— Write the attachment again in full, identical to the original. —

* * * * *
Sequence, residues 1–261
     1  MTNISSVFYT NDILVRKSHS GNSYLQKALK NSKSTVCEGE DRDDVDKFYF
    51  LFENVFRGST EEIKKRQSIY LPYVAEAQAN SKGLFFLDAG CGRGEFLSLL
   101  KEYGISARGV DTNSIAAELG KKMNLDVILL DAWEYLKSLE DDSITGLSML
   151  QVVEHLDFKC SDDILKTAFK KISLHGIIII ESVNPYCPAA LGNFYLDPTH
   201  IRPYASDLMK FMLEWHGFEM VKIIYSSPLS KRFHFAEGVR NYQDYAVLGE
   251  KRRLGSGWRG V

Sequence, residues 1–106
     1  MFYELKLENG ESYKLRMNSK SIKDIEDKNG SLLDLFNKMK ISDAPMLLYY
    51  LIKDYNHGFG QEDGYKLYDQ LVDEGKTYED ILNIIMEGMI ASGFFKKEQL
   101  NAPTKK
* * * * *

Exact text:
Sequence, residues 1–261
     1  MTNISSVFYT NDILVRKSHS GNSYLQKALK NSKSTVCEGE DRDDVDKFYF
    51  LFENVFRGST EEIKKRQSIY LPYVAEAQAN SKGLFFLDAG CGRGEFLSLL
   101  KEYGISARGV DTNSIAAELG KKMNLDVILL DAWEYLKSLE DDSITGLSML
   151  QVVEHLDFKC SDDILKTAFK KISLHGIIII ESVNPYCPAA LGNFYLDPTH
   201  IRPYASDLMK FMLEWHGFEM VKIIYSSPLS KRFHFAEGVR NYQDYAVLGE
   251  KRRLGSGWRG V

Sequence, residues 1–106
     1  MFYELKLENG ESYKLRMNSK SIKDIEDKNG SLLDLFNKMK ISDAPMLLYY
    51  LIKDYNHGFG QEDGYKLYDQ LVDEGKTYED ILNIIMEGMI ASGFFKKEQL
   101  NAPTKK